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Acer Nitro 5: gaming on a budget

A reliable budget gaming laptop, but it’s no esports champ

Photo by Amelia Holowaty Krales

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The requirement for a decent gaming laptop shouldn’t be over $2,000, especially if it’s your first system or if you already have a laptop but just want to play games casually. What can you do to join the PC gaming community? You want a system capable of playing some, if not all, of the popular PC gaming titles, like Counter-Strike, Fortnite, Overwatch, League of Legends, Rainbow Six: Siege, and PUBG.

In this scenario, Acer might have you covered with the $749 Nitro 5. As configured, it’s an $849 “casual gaming” laptop, with an eighth-gen Core i5-8300H quad-core processor (with up to 4GHz TurboBoost), an Nvidia GeForce 1050Ti for graphics, 8GB of DDR4 RAM (upgradeable to 32GB), a 256GB SSD, and a 15.6-inch IPS 1080p screen running at 60Hz. It’s 1.05 inches thick and weighs 5.95 pounds.

So what can it do? It turns out, a decent amount, provided you temper your expectations.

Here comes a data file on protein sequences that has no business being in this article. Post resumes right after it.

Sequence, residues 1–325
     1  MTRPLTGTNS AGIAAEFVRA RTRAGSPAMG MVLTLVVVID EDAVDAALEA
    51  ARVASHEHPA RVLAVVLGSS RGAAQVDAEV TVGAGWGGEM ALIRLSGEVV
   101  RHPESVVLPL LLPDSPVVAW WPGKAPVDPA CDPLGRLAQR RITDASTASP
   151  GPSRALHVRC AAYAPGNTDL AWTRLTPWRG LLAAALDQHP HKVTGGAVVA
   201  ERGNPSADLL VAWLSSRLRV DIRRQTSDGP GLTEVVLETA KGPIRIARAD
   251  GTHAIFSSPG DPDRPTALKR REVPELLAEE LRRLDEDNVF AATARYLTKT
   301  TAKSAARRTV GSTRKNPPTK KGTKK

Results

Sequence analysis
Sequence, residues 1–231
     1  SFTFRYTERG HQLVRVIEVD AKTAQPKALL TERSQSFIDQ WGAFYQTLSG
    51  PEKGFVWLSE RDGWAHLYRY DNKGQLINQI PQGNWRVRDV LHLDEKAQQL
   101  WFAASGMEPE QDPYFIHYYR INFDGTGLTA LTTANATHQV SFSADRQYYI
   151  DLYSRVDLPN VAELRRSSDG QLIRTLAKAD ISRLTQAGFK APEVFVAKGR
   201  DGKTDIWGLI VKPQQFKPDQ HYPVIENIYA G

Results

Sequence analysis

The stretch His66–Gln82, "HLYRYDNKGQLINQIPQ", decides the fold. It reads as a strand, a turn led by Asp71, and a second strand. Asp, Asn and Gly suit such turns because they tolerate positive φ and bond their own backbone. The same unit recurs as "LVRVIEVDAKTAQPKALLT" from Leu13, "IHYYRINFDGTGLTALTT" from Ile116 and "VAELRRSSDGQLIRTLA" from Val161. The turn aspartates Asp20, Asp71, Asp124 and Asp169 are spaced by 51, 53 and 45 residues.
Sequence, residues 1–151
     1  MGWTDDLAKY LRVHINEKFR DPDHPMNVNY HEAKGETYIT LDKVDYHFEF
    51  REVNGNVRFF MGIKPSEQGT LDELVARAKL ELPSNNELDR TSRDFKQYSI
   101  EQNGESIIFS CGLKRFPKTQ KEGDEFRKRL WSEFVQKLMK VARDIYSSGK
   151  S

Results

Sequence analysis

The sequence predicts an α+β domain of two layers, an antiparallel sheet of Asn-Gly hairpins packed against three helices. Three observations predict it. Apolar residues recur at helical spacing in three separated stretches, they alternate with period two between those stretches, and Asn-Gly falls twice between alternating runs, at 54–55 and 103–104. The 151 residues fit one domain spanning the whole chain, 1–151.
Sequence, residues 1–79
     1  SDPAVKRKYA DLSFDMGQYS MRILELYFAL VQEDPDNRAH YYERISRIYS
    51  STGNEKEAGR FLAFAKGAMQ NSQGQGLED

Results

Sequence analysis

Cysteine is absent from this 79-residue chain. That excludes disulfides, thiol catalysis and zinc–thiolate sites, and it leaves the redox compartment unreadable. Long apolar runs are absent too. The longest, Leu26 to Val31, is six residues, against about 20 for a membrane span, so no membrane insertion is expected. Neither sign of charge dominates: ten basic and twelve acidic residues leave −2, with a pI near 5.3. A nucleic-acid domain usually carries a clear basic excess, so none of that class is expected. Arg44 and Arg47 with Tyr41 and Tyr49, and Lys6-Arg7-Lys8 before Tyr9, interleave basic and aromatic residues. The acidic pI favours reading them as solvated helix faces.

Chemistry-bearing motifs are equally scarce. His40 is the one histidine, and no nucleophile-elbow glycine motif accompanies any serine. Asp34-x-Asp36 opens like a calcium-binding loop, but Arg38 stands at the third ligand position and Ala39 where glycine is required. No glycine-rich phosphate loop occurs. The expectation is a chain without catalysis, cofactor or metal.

Acer’s marketing jargon notes that the Nitro 5 is designed for gamers and gamer-oriented people. That’s not entirely wrong. The Nitro 5 has a lot of the aesthetic touches common to gaming laptops: aggressive styling, edgy corners, large fan vents, hardware monitoring software (including fan control), red keyboard backlighting, and red trim everywhere (even around the touchpad).

But all those frills are surface layer because the build quality and rigidity of the Nitro 5 is flexible. Literally, it’s flexible in the palm rest, lid, keyboard, and touchpad. It doesn’t even take excessive force to see the chassis give way slightly. In a more expensive gaming laptop, this is unacceptable, but I’m willing to acknowledge that at least Acer tried to make the Nitro 5 look like a quality gaming laptop, even if it’s made of plastics and metal accents.

Regarding portability, the Nitro 5 weighs a hefty 5.95 pounds, so it’s definitely not a thin-and-light system, and it’s better suited for the occasional commute to a LAN party or around the house.  

Regarding portability, the Nitro 5 weighs a hefty 5.95 pounds

Any decent PC gaming machine has a variety of ports so you won’t have to worry about buying dongles. Thankfully, the port selection of the Nitro 5 checks out: a 3.5mm audio jack, one USB-C 3.1 Gen 1 port, one USB 3.0 port, two USB 2.0 ports, an HDMI 2.0 port, Ethernet, power jack, SD card slot (which supports up to 128GB cards), and a Kensington lock slot.

The rule of thumb is that a gaming laptop should have enough ports to connect to one monitor, a keyboard, an external mouse (which is a necessity), and speakers. The Nitro covers all of those bases and then some, so using it as a gaming machine on a desk with an external keyboard, mouse, and monitor that matches the laptop’s resolution is entirely possible.